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    Thanks…dint know this was possible, giving it a try now.

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    I think it goes without saying but having chained (:not)s just seems logically confusing. If 2 are checked for :not, then every class would be allowed. But there is clearly an additional layer of logic put into this pseudo class to make sure that a :not chain is self aware of the previous classes on the declaration.

    Oh well, good to know anyway!

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    You should also mention that with Selectors 4 spec (link) we can pass a selectors list inside the :not() function. Like :not(h1, h2, h3)

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    On first read, I found the and/or part a bit confusing, but this is basically using logical “and” to represent “or”: not(A or B) <=> not(A) and not(B). This also means that you can replace all “or” (represented in CSS by “,”) with a similar construct using “:not”:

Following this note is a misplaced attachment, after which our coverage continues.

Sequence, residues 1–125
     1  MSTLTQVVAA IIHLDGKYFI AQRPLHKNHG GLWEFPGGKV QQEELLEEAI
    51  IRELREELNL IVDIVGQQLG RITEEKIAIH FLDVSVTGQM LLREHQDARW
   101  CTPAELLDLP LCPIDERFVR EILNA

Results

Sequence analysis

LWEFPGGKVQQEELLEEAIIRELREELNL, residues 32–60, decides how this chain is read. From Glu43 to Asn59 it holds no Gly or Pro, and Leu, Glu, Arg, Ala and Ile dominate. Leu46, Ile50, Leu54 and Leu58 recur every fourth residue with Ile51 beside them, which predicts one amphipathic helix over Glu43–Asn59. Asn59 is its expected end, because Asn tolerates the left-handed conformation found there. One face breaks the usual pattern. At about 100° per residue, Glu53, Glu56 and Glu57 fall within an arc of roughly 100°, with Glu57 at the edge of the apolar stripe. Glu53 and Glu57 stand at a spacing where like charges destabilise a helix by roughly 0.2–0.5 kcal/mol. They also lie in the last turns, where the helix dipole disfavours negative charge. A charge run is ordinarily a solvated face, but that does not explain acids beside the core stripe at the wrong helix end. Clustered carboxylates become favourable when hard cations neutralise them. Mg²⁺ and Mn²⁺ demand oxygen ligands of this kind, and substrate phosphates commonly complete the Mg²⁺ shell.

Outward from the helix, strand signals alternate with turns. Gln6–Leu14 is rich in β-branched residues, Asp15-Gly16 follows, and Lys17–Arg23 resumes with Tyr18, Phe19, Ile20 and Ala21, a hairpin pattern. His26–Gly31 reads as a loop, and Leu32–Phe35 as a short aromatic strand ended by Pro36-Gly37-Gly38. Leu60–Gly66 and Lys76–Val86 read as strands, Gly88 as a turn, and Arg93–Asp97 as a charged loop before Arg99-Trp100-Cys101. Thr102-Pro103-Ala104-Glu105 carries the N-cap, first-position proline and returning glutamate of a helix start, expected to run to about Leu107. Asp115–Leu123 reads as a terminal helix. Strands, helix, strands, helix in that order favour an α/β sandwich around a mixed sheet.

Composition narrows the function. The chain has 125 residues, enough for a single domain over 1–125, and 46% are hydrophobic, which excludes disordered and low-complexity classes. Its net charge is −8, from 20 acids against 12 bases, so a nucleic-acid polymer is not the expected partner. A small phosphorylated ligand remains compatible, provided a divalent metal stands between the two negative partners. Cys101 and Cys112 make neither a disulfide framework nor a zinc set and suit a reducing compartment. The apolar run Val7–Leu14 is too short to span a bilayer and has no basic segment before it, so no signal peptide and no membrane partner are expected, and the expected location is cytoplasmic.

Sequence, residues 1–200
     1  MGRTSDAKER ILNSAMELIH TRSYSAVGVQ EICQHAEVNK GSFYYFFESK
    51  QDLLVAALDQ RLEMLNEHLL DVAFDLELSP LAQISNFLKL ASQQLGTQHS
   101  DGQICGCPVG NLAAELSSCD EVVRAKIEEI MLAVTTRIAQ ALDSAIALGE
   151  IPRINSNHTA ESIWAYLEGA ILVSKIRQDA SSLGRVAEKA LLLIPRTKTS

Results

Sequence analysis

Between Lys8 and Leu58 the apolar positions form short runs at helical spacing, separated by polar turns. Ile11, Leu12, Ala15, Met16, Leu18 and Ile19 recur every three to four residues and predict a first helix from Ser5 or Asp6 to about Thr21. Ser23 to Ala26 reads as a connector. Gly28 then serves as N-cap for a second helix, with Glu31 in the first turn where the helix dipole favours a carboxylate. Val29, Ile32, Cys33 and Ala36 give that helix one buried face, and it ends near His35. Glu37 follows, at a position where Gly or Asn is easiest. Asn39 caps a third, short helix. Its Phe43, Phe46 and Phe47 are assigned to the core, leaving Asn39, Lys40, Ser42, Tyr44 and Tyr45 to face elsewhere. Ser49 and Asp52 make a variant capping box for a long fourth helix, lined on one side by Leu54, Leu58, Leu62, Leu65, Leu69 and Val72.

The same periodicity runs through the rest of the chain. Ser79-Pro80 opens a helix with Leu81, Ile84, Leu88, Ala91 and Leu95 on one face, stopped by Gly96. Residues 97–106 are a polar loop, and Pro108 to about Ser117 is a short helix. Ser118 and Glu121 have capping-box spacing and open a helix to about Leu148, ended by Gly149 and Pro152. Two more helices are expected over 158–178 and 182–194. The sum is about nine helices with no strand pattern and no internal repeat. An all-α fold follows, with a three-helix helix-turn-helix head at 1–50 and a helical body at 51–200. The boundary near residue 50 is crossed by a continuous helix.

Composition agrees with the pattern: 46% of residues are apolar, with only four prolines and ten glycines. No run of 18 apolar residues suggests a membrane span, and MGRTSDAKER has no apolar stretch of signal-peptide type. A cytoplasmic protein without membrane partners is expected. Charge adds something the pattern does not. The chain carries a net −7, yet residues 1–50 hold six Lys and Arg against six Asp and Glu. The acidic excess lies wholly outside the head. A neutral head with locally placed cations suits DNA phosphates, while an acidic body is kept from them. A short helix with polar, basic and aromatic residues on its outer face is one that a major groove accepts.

foo, bar { color: orange; }

    is (apart from specificity) equivalent to:

    :not(:not(foo):not(bar)) { color: orange; }

    Not sure if that is helpful in any context (where selector lists may not be allowed?).

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    Kyle, it doesn’t really need to know. They are just chained by a logical and:

    If the tag is “body” and the class list does not include “home” and the class list does not include “away” and the class list does not include “page-50”, then …

    Of course using the not yet widely available level 4 selectors (body:not(.home, .away, .page-50) would be simpler:

    If the tag is “body” and the class list does not include any of “home”, “away” or “page-50”, then …

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